Last night, I watched a film I’ve already seen numerous times – Top Gun (1986), directed by Tony Scott and starring a young Tom Cruise in a classic film that had everything that defined my younger years – the Cold War, cool aeroplanes, and some decent tunes. The difference being, that I watched it on an extravagantly huge screen, surrounded by the wonderful environment of Central Park, and several hundred other people, in a relaxing and communal experience on what will probably one of this Summer’s last pleasant evenings. OK, so the film is quite familiar to those of us over 30, and I (and most other people) got bitten by insects and tolerated other people’s chatter during the film, but that’s not the point.
The point is, that along with the Trevithick fair and the Dartford Festival (plus numerous smaller events), Dartford Borough Council are realising the relative ease and practicality of making Central Park work much harder, and deliver inclusive, community-wide benefits. That’s not to say that a large number of people at Civic Centre didn’t have to work ridiculously hard and have a few sleepness nights over this – they almost certainly did. But now it has been achieved, it has raised hopes that events such as these can be staged throughout next Summer and beyond.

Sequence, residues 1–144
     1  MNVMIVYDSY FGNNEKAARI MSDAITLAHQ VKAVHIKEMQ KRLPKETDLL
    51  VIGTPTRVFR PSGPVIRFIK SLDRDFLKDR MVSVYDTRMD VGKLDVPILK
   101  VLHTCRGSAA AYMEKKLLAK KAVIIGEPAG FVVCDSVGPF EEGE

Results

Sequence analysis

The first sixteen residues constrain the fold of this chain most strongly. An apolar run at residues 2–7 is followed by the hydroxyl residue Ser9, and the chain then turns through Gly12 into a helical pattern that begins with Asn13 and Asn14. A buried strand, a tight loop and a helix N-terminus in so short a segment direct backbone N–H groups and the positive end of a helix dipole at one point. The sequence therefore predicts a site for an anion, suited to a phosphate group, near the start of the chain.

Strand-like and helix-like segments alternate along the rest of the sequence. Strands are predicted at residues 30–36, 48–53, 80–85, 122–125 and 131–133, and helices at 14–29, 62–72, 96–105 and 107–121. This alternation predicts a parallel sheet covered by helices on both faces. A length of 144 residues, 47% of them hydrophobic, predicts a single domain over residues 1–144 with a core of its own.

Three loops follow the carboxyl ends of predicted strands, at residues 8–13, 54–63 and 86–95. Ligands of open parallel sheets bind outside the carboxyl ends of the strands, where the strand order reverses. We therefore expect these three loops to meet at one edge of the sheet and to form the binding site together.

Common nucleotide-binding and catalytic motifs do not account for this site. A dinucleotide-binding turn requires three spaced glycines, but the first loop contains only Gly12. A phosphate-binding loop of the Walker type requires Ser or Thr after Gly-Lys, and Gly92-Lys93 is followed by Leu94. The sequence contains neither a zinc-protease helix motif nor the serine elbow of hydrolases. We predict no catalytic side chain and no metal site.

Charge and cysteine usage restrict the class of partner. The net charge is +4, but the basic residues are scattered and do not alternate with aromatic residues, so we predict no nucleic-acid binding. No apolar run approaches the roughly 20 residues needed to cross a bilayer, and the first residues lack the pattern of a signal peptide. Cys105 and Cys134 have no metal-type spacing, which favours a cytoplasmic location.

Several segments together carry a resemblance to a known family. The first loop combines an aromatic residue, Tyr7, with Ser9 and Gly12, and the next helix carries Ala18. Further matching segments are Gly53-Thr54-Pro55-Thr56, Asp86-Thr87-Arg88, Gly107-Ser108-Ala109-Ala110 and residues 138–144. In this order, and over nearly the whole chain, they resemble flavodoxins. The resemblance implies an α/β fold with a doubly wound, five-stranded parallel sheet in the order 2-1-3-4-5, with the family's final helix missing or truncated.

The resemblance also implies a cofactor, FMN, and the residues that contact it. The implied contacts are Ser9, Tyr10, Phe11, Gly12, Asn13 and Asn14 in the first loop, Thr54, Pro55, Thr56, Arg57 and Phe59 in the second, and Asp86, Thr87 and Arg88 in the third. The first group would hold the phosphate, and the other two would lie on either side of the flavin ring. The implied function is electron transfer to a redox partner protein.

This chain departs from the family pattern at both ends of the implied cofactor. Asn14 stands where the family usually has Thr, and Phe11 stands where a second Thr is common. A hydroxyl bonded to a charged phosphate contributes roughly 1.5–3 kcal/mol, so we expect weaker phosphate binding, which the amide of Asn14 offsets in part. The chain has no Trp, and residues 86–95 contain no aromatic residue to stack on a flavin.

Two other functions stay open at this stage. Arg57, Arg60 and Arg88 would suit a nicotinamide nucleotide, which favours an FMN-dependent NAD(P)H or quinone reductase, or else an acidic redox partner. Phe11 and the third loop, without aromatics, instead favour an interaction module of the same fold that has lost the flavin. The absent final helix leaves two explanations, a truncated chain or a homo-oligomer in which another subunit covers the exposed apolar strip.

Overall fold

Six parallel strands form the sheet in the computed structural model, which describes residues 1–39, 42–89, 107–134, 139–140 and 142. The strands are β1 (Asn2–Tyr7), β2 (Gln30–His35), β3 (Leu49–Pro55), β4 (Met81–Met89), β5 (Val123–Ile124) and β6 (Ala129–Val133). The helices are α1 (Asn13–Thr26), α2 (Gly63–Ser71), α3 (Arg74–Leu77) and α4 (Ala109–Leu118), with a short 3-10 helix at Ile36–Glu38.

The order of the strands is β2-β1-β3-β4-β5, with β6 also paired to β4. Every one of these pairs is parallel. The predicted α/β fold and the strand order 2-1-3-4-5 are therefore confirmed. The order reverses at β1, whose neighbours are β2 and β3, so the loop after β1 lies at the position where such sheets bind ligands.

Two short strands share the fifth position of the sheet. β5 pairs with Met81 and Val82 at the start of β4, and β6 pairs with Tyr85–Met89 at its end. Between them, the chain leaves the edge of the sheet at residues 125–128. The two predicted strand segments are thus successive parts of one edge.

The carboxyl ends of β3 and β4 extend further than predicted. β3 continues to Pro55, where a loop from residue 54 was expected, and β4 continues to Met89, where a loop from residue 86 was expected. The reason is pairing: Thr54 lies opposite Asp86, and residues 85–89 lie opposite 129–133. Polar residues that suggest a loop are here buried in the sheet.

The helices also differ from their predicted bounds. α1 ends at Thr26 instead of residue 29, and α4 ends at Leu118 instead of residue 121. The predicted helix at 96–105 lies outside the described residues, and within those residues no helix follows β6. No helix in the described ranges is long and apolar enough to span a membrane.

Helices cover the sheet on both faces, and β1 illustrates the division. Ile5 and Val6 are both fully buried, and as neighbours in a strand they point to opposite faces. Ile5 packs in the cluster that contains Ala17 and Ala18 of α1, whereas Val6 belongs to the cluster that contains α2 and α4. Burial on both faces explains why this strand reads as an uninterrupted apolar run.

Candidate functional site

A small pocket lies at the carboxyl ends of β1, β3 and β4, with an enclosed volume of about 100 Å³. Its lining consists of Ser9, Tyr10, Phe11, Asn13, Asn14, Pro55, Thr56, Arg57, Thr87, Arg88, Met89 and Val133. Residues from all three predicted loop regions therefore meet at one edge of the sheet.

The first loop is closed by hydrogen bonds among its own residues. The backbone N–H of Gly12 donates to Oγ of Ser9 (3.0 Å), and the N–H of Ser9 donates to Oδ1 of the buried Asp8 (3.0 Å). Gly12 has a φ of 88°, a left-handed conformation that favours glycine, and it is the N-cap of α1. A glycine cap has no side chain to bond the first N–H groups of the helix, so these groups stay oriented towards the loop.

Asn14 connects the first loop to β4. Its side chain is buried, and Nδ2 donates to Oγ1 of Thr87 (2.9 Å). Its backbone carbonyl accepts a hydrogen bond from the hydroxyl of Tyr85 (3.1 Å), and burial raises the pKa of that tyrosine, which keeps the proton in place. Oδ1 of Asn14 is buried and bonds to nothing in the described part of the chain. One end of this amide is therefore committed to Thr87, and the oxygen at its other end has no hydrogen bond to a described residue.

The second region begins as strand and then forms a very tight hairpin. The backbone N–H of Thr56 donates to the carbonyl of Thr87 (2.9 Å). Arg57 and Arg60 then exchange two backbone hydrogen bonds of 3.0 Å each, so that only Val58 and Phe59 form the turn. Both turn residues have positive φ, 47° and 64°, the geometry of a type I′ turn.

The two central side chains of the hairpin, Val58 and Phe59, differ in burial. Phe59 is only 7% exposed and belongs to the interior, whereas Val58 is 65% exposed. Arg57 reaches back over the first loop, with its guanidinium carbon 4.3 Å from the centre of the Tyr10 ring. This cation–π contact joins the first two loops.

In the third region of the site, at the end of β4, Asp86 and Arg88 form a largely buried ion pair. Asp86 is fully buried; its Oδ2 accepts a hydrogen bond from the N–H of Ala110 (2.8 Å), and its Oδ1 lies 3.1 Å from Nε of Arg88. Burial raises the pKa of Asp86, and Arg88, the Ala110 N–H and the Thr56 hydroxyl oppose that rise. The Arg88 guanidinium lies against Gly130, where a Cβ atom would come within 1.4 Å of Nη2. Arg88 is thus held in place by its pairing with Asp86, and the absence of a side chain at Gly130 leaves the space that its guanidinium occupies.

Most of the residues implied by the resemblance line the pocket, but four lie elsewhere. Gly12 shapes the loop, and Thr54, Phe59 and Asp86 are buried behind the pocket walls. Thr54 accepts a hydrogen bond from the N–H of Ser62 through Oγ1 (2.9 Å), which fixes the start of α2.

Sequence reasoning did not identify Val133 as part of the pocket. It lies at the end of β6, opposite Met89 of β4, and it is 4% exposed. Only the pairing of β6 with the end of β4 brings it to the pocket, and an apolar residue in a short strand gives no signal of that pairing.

Obviously there’s financial parameters to factor in – giant cinema screens don’t pay for themselves, and none of the audience paid a penny for the privilege. Depending on your point of view, it was either a pre-election sweetener from the Council, or a fair return on some of the tax we pump in every month. Regardless of the initiative, it highlighted two key things for me: Firstly, that a huge and diverse body of people can be encouraged to use the town centre with straightforward ideas that trump some of the lateral thinking from the Portas scheme (sorry, Peppa!). Secondly, that the town centre in the 21st century need not be defined by any size of shop – be it an Edwardian butcher or a sprawling, grotesque hypermarket. The town has natural and man-made features that do a far better job of seeding a cultured community of people than an retail space dependent on cash transactions.
Given that discretionary spending will always now gravitate to Bluewater, Dartford town centre will be overlooked by the economic recovery (should it ever come). With careful management, and the involvement of key stakeholders, the town centre however could be a prime candidate for genuine cultural regeneration in the next decade or so. Occasions like last night take a small, but positive step towards that.